West’s options limited against Russian escalation

The Russian offensive in Syria has been ongoing for almost two weeks. Whatever the reactions of the international community, all it can do is make declarations, threaten new sanctions, or appeal for a halt to the operation, none of which will be effective. Russian President Vladimir Putin played the game the international community thrust upon him, and it seems he has won, moving quickly and unpredictably.

Moscow has filled the vacuum created by the West’s unrealistic, unconstructive approach to the Syrian conflict. Its plan is strong, but still dubious in terms of regional and global consequences.

Putin has left little space for any counter-manoeuver by the West - a forceful response would cause World War III. He was sure from the start of the Russian escalation that the West would not reciprocate, but there is still a high risk of a proxy war between the United States and Russia.

This would endanger regional and global stability. There are already signs of a proxy war, including the decision to continue supporting Syrian rebels on the ground. However, such support is unlikely to be tangible, and the Syrian army will likely push back its enemies with Russian help by the time U.S. aid arrives. A lack of support is not good either, as it will hinder the chances of a political transition.

Building bridges or walls?

So the international community is left with two options. Either it works in parallel with the Russian-led coalition, occasionally threatening Moscow with new sanctions in case Russian airstrikes do not target the Islamic State of Iraq and Syria (ISIS). Or fruitful cooperation is launched, which would create a counterbalancing system and overcome antagonisms.

Putin has left little space for any counter-manoeuver by the West - a forceful response would cause World War III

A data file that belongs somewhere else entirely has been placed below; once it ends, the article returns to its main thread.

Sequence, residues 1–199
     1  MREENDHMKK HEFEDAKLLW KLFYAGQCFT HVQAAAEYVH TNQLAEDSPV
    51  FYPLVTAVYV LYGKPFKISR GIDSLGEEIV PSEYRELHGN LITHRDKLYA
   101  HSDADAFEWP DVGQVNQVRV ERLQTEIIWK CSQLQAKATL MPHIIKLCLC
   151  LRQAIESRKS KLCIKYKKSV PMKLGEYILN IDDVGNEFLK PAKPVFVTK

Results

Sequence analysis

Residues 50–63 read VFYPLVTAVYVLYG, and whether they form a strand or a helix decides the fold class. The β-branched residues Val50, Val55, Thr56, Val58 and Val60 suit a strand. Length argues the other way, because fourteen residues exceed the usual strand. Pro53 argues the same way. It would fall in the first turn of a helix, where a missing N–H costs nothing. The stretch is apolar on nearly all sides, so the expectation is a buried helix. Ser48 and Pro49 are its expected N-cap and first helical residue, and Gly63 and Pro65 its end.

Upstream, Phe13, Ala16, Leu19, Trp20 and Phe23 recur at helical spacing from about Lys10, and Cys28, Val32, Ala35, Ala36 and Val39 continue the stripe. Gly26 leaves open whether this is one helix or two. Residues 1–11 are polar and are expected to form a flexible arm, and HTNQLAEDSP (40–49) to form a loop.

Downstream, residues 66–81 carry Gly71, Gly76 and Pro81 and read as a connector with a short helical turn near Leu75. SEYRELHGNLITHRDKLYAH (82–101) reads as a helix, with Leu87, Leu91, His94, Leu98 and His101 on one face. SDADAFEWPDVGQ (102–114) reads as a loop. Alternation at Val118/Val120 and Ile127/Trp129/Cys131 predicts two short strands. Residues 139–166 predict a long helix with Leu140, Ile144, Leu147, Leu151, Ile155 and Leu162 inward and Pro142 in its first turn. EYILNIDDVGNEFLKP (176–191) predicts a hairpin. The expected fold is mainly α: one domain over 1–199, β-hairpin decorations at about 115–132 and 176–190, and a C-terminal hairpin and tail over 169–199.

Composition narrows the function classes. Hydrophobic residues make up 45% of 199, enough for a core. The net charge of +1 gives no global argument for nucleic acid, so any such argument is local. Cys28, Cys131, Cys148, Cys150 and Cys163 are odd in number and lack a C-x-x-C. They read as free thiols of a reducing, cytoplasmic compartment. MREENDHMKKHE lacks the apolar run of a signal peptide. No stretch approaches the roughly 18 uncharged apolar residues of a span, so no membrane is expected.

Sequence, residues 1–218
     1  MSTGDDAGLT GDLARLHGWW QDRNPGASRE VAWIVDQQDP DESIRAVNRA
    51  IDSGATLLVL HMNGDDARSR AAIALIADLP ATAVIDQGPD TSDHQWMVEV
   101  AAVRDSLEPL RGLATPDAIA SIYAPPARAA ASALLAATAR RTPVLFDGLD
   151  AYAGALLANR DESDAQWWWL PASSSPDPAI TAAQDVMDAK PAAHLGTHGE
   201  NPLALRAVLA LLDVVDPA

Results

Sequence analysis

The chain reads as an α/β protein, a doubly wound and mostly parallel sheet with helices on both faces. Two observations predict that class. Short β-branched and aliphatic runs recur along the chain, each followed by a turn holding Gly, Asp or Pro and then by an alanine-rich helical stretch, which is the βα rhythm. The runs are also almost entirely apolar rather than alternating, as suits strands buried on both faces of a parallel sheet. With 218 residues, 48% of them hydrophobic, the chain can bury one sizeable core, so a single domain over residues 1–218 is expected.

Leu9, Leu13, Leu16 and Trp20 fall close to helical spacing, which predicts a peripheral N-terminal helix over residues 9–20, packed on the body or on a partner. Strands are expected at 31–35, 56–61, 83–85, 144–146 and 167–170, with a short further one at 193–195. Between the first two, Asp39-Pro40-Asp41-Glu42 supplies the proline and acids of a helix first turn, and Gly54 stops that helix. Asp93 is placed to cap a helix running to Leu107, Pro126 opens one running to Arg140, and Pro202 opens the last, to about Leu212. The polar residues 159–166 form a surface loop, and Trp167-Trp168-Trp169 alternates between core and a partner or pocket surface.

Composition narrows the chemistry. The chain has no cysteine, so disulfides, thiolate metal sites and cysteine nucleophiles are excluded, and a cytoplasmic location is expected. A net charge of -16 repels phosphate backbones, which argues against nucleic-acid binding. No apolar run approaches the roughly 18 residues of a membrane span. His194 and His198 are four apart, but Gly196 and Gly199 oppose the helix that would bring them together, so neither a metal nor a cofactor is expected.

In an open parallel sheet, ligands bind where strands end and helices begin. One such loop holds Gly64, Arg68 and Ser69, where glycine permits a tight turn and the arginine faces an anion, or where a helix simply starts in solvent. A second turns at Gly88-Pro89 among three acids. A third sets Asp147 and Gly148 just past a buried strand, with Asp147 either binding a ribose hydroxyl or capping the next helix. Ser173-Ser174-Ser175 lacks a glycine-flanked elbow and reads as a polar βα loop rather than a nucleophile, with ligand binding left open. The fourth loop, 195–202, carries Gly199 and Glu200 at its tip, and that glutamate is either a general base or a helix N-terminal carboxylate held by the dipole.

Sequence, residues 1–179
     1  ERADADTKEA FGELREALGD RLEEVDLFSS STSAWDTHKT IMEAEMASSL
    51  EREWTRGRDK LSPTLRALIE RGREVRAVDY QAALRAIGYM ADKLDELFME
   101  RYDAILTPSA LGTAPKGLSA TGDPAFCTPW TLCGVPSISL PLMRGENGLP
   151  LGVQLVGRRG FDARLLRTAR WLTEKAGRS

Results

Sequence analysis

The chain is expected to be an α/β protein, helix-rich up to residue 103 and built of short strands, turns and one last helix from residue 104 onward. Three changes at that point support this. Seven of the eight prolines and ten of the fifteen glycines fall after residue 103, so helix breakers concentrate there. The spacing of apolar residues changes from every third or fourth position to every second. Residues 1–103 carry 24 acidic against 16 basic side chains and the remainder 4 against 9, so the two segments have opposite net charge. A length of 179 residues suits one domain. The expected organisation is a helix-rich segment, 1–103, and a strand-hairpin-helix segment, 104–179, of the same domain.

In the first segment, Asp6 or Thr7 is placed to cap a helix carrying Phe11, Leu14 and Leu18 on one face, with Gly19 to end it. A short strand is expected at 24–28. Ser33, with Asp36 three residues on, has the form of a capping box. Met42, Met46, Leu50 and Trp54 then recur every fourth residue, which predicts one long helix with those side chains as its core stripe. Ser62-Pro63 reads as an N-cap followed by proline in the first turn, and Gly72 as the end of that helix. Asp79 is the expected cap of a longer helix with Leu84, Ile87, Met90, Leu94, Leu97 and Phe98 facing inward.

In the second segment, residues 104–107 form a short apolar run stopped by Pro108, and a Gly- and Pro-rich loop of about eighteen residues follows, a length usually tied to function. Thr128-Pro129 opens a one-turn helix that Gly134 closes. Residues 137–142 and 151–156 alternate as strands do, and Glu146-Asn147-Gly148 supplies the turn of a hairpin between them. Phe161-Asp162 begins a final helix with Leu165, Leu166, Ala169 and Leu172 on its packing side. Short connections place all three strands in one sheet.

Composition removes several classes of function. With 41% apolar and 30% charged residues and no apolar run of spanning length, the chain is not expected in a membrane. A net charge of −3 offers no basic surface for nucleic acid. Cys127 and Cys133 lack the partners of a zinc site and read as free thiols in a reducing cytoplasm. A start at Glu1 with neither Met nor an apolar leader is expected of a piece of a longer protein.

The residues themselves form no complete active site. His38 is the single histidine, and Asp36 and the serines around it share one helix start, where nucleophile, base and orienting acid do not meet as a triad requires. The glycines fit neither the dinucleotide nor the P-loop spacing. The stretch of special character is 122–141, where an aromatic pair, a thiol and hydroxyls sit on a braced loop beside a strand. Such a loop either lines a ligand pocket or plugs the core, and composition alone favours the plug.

Maria Dubovikova

Russia is not expected to join the international coalition as it considers it illegitimate, and there is no use imposing anything or threatening Moscow. With the ongoing operation, Russia has already shown its military might, and the costs involved are not a problem. Storing weapons is also very expensive, while using them proves their capabilities, and provides the country’s military-industrial complex with new orders and opportunities.

Russia has shown that it is back on the world stage, with a strong will to fight for its interests and counter the challenges it faces. Moscow has changed its military and foreign policies, and the West has to deal with that. The current manoeuvers of NATO and Western powers show that they will likely do so by building walls instead of bridges, thus increasing tensions. Syria is likely to be the catalyst.


Maria Dubovikova is a President of IMESClub and CEO of MEPFoundation. Alumni of MGIMO (Moscow State Institute of International Relations [University] of Ministry of Foreign Affairs of Russia), now she is a PhD Candidate there. Her research fields are in Russian foreign policy in the Middle East, Euro-Arab dialogue, policy in France and the U.S. towards the Mediterranean, France-Russia bilateral relations, humanitarian cooperation and open diplomacy. She can be followed on Twitter: @politblogme

Last Update: Wednesday, 20 May 2020 KSA 09:48 - GMT 06:48
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